There are three methods of teaching:
1. A father might tell his child, “the pot is hot, don’t touch it!” (a command).
2. A father might add, “see the vapors coming out, this happens only when the pot is hot. So don’t touch it” (an explanation is offered).
3. A father might encourage the child to touch the pot, and when he has burnt his finger, say “you should not have touched it”. (experience)
Life teaches by experience and people say that life is a good teacher. But is it?
Considering the point of God, his existence or lack of it will for a scientific person be based on verifiable facts. But since the entity has never been seen, heard etc., our inferences are based on conclusions of day to day events (or our experiences). To this end any scientific approach based on interviewing different people is biased, since a large percentage of people would have made up their minds and are not flexible in thought. Just like the common-sense of a student coming in the way of understanding relativity and quantum mechanics, his understanding and taking for granted the Newtonian world he lives in, makes it difficult to accept it as incomplete. Very early in life people are given the idea that God exists, it is so deeply embedded in their thought processes, that no questioning is thought required. It is from this brain that experimental inferences are being asked to be made.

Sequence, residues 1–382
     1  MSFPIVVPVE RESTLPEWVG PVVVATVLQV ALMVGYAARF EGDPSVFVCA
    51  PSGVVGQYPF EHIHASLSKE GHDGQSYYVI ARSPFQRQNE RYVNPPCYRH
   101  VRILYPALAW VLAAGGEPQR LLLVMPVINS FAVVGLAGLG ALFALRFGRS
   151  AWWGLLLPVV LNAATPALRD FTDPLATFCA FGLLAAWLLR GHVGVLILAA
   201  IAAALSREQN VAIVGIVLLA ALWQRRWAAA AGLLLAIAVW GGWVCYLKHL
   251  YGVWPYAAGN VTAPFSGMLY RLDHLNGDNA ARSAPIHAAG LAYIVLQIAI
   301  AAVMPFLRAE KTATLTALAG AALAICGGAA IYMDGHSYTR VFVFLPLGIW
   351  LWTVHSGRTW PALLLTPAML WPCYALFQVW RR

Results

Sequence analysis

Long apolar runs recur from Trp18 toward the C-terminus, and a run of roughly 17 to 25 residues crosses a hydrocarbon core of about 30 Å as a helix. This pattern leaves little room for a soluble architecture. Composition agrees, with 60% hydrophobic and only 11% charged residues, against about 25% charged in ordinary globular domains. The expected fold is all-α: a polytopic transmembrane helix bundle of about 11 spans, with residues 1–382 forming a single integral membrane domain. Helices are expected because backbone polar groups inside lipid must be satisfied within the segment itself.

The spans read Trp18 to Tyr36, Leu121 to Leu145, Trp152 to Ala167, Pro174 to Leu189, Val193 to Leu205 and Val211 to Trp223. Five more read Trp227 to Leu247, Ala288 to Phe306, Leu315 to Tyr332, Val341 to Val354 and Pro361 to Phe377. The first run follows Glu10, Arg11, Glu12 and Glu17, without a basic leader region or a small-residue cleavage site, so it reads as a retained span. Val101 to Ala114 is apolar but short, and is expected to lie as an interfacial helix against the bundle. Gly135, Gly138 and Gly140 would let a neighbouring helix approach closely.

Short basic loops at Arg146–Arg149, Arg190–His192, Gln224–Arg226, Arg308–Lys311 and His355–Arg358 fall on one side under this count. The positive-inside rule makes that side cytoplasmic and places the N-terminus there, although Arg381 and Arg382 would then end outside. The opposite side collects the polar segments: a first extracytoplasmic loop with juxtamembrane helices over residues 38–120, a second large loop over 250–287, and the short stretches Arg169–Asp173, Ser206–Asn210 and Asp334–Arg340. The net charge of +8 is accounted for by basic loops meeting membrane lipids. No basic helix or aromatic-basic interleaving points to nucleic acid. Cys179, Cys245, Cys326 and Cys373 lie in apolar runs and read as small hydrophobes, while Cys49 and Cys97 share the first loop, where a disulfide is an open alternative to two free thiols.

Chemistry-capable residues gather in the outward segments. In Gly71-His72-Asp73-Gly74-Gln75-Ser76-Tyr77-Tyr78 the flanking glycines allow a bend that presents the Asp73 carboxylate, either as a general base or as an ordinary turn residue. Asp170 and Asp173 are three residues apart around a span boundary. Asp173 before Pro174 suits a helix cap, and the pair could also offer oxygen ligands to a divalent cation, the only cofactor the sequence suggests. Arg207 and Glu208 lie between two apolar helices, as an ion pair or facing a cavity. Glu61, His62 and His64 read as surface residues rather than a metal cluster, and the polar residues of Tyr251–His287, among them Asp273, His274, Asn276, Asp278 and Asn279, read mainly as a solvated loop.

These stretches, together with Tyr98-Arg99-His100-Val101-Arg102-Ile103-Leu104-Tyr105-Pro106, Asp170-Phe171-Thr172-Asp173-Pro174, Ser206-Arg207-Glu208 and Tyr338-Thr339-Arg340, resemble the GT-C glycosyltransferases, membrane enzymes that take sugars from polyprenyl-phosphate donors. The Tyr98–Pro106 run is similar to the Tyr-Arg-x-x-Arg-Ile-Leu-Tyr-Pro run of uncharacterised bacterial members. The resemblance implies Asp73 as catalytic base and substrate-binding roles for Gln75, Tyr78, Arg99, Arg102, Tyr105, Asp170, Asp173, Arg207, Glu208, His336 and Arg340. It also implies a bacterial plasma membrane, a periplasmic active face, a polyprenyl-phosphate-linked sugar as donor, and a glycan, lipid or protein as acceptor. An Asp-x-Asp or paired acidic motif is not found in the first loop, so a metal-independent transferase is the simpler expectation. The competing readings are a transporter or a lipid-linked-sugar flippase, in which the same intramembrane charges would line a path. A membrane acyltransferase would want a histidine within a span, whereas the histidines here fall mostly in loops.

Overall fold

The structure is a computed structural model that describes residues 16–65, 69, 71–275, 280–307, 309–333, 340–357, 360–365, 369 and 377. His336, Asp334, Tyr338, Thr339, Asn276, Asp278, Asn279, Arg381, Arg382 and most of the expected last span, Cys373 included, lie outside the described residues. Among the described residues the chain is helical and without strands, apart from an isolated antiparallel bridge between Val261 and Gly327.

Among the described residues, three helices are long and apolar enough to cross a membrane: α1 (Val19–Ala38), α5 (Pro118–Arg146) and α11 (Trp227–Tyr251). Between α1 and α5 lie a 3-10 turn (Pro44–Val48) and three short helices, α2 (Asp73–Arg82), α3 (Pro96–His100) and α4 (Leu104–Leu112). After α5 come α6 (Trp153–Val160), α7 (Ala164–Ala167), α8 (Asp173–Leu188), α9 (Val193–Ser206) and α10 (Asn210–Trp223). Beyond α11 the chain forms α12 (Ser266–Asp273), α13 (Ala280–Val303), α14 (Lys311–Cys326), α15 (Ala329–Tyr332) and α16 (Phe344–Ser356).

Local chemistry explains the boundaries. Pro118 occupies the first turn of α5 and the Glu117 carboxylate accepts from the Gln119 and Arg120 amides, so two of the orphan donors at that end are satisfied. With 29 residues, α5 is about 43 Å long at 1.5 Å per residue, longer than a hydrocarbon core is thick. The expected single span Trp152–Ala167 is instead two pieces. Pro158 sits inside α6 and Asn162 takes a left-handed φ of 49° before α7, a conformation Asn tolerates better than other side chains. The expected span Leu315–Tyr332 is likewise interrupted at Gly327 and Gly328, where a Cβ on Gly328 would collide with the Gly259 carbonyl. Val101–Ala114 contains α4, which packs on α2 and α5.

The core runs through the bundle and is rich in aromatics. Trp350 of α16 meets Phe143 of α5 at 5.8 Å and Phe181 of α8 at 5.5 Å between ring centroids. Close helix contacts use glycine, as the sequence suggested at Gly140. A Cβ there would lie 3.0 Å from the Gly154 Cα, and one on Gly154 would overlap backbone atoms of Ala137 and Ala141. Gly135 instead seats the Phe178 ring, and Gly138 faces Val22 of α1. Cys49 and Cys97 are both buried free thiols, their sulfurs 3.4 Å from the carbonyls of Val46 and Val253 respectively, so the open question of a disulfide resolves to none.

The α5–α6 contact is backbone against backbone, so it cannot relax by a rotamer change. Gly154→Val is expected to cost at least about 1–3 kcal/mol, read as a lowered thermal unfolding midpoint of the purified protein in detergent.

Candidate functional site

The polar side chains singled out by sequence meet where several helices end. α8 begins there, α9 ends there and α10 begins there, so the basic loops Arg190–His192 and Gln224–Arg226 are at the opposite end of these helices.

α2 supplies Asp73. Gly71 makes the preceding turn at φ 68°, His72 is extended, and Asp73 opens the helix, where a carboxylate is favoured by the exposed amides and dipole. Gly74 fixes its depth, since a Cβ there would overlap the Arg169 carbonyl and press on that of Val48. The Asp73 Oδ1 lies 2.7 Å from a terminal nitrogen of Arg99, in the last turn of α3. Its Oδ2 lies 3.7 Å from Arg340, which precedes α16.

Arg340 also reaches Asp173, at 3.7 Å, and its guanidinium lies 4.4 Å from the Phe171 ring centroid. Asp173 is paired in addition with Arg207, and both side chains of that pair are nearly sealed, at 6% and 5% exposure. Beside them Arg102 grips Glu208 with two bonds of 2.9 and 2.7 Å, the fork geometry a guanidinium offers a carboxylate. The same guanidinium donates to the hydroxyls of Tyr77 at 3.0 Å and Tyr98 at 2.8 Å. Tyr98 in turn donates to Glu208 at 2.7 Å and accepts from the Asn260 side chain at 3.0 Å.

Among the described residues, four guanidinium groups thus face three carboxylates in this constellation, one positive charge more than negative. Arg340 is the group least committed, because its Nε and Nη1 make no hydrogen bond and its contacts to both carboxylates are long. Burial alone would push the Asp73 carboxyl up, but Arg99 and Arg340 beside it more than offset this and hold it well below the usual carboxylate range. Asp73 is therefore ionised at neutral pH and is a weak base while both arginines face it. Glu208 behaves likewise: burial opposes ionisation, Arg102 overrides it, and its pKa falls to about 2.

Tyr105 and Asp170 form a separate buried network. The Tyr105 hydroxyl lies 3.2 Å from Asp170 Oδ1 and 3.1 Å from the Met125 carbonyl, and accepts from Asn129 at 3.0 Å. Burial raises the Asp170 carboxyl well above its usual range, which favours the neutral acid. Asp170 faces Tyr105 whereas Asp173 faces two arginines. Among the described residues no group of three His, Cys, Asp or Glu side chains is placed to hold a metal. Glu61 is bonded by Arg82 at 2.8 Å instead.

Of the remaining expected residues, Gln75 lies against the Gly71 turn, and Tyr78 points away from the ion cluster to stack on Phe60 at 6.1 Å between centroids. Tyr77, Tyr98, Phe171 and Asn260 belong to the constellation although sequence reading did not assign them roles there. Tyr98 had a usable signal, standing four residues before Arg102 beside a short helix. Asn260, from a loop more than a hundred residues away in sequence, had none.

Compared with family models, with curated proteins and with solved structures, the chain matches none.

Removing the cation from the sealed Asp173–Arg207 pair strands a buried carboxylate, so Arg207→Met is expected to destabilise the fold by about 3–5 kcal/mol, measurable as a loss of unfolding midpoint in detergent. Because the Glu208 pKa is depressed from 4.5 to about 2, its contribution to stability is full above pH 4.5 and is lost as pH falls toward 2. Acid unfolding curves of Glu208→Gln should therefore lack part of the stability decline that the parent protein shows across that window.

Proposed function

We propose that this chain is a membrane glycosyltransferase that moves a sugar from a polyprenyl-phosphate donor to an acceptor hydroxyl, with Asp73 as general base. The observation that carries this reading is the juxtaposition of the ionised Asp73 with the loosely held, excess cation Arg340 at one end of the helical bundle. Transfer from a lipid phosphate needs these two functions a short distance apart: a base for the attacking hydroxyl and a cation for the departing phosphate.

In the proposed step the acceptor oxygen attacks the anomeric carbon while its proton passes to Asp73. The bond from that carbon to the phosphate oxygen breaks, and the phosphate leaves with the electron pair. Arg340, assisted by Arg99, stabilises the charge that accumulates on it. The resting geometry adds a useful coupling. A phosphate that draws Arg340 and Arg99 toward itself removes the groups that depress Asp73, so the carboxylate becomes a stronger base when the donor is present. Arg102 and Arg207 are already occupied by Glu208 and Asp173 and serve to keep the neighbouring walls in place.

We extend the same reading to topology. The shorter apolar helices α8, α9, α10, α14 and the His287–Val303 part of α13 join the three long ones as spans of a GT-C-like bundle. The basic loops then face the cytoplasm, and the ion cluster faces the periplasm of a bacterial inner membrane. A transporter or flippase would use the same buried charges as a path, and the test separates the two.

So, this really narrows down the sampling population whom you can ask. In fact, no one would be present (every one have made up their mind on this). Newton bought up in a Catholic surrounding framed his scientific theory to accommodate God. Hawking based on his serious illness and handicap refutes God’s presence. Both have based their decisions based on their experiences. Which one is true? You would have your experiences, you will decide. Hence, I have my own theory which also to an extent explains why God might be needed.
The experiences one collects are always not going to be good. Some times justices would be done, while some times apparently it would look as if ‘bad’ has been rewarded. So a person living on the path of right, finds it hard to justify why he has taken the hard path which is not rewarding. He is likely to stray to the path of bad, if he is not inherently good. He needs a shepherd to flock him, to justify his continuous journey on right. All men are not and can not be strong. Those who are not strong need help, a walking stick to prod on. If the notion of existence helps, let it be, since more people on the right path is always welcome.
But then this leads to another question. Does it make sense fighting over a walking stick?